Interview with Saddie Smith ’75, by Stephanie Bond ’13

Saddie Smith ’75

Saddie Smith ’75 Yearbook Photo


 An African American Female Student Perspective on Coeducation at Bowdoin: A Discussion with Saddie Smith

 As a member of Bowdoin’s first class of admitted women, Saddie Smith had to balance being both a female and an African American student. Failure at Bowdoin was not an option for Smith, a first-generation college student, so she put her nose to the books. Smith credits Bowdoin for the confidence that led her to impressive heights, from a Sewall Latin Prize at Bowdoin, to a degree at Columbia Law School, to the influential VP position she now holds at Consolidated Edison Co. of New York, Inc. To hear Smith tell her story about how she established herself as an African American woman in the first class of women at Bowdoin, listen to the audio links below.  You will see how she uses humor to her advantage.

Audio: click tracks(s) below to begin listening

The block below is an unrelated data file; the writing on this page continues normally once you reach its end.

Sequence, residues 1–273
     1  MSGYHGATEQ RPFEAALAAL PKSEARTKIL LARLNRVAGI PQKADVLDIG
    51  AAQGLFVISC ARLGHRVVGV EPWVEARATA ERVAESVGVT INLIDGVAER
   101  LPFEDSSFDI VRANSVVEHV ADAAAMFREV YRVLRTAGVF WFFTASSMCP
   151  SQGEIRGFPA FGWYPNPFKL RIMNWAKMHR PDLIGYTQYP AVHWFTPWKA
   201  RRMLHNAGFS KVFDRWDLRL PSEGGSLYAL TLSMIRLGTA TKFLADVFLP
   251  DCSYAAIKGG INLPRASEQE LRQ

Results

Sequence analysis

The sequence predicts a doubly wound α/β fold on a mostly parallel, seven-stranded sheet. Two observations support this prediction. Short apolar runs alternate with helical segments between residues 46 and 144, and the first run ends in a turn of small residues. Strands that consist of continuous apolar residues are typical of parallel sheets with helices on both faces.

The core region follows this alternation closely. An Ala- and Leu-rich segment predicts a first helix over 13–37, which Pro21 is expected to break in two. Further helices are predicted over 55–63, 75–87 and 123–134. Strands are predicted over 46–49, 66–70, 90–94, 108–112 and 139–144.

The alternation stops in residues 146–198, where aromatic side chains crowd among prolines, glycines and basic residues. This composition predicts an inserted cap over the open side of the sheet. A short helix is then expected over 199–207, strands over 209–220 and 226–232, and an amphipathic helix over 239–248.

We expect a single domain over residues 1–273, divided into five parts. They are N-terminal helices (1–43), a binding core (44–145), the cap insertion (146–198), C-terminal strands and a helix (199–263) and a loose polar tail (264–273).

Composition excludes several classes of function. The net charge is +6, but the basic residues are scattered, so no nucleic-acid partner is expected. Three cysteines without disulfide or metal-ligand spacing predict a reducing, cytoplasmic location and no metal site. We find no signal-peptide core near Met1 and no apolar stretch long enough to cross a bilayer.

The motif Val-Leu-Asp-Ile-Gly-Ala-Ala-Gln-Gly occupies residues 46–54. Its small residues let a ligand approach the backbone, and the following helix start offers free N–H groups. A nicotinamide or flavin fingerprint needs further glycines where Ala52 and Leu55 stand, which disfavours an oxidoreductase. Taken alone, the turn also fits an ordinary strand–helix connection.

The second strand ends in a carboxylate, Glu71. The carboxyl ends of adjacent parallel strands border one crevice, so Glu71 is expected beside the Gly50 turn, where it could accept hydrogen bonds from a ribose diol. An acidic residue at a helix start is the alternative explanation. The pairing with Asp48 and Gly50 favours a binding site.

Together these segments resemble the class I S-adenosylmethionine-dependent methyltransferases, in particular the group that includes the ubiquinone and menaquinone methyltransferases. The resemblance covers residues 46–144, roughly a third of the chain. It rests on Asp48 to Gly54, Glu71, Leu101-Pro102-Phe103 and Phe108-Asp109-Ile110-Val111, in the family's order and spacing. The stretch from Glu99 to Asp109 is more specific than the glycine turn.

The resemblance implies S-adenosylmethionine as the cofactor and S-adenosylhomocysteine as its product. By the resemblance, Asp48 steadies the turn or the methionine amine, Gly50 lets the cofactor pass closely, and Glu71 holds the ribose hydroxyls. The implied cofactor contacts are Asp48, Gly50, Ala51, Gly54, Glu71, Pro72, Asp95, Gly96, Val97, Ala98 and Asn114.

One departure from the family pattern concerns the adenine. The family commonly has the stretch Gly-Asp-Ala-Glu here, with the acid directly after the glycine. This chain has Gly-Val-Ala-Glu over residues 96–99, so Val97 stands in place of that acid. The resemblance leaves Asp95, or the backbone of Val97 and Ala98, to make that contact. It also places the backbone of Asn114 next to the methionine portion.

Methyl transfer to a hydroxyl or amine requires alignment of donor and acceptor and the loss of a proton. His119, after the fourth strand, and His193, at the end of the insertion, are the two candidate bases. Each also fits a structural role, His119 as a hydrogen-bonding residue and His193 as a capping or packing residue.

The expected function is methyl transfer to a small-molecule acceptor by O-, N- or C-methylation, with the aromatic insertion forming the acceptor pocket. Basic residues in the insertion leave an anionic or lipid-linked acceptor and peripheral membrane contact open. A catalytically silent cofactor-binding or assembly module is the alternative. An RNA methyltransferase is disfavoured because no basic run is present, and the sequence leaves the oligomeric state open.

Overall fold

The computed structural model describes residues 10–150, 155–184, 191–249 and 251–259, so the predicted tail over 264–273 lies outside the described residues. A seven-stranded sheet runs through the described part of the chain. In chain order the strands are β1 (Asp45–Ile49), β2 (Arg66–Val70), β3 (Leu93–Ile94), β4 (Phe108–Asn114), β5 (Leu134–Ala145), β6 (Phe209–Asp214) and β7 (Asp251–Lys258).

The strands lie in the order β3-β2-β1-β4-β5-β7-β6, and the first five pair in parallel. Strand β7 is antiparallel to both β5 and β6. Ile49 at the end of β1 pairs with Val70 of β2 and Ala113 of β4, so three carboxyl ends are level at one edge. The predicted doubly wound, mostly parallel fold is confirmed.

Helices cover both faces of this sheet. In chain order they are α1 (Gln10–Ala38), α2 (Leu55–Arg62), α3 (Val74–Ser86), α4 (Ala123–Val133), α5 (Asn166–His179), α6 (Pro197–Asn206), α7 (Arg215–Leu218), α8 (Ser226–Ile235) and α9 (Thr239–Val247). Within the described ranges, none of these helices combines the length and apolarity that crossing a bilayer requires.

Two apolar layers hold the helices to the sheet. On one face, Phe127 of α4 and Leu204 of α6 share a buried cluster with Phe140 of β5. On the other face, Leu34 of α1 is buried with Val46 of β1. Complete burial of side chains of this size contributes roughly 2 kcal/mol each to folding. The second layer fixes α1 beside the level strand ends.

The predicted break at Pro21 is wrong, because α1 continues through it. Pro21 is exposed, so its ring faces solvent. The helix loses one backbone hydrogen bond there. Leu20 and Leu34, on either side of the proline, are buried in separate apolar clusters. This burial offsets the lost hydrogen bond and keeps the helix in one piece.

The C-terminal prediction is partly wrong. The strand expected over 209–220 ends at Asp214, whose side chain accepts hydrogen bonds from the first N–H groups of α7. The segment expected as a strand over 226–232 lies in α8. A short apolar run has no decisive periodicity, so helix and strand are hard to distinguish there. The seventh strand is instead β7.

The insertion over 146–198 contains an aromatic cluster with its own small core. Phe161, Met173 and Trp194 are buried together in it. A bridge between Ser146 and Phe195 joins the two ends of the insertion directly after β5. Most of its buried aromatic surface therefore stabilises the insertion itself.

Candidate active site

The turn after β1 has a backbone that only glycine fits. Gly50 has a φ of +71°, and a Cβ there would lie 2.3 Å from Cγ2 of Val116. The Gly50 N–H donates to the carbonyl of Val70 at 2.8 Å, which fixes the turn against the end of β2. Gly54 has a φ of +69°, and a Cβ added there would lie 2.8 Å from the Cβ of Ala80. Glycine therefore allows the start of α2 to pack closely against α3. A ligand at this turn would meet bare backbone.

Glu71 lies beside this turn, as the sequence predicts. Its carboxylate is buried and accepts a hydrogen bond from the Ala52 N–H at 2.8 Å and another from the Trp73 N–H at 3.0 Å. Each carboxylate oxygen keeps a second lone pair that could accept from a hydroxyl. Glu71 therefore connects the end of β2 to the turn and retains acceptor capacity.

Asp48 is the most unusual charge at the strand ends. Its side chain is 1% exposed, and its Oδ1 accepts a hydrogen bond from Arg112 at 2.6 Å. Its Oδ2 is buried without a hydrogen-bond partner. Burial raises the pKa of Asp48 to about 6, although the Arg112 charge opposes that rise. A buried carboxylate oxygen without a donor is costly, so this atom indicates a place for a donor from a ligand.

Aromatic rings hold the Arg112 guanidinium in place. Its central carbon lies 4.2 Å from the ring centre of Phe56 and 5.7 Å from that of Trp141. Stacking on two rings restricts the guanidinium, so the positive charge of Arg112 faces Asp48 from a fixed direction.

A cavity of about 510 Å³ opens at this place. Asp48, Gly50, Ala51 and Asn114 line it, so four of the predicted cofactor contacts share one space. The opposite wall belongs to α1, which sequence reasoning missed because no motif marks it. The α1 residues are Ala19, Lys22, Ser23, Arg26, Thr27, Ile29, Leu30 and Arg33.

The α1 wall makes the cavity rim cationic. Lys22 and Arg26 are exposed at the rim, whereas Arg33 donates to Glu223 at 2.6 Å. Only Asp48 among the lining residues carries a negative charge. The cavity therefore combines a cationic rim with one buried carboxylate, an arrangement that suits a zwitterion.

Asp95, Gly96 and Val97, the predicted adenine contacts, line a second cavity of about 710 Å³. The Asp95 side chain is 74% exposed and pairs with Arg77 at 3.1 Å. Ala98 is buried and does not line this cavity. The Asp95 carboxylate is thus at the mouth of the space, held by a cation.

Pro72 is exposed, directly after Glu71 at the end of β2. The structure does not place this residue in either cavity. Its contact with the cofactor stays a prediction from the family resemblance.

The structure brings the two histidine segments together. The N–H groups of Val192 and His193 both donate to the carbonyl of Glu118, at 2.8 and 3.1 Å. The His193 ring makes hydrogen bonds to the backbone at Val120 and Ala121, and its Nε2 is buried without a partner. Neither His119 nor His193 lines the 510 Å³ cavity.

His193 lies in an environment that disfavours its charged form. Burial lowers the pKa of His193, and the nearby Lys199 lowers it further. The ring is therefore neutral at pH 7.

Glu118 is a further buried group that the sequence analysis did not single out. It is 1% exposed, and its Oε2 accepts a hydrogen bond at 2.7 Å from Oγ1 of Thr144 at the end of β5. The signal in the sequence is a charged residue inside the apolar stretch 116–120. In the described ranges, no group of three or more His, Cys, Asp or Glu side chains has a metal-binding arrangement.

Intriguing Pieces:
Section 1-

Time: 00:21:56

Quotation: [In reference to the practice of bussing women from other schools to Bowdoin for parties] “It was a carryover, cause I was a freshman, so that’s kind of what they did. That was part of the whole social thing is bringing, I guess, busloads of women to campus and they kind of, like, forgot about—well I guess it’s kind of good because they saw us as, like, just one of the guys.”

Section 3-

Time: 00:11:32

Quotation: [In reference to difference between HBC and Bowdoin]“I think it was easier for me to fit in at Bowdoin than it would have been for me to fit in at say, Spellman, because at Bowdoin it was obvious that I was different; a woman, a minority. But in a Historically Black College I think I would have, there would have been more pressure to try to fit because I was one of them.”

Time: 00:16:00

Quotation: [In reference to being both an African American and female]“Black women, we kinda get rolled up into one or the other. Either black or either woman and we never get our little, like, standalone kind of thing and I think it’s a very different dynamic, and a dual personality, and you’re always balancing the African American verses the woman.”

Citation: I, Stephanie Bond, interviewed Saddie Smith ‘75 on Sunday, November, 20 2011, in New York, New York. We discussed how Saddie Smith’s experience as a member of the first admitted class of women at Bowdoin College was shaped by her status as both an African American and female student.

 

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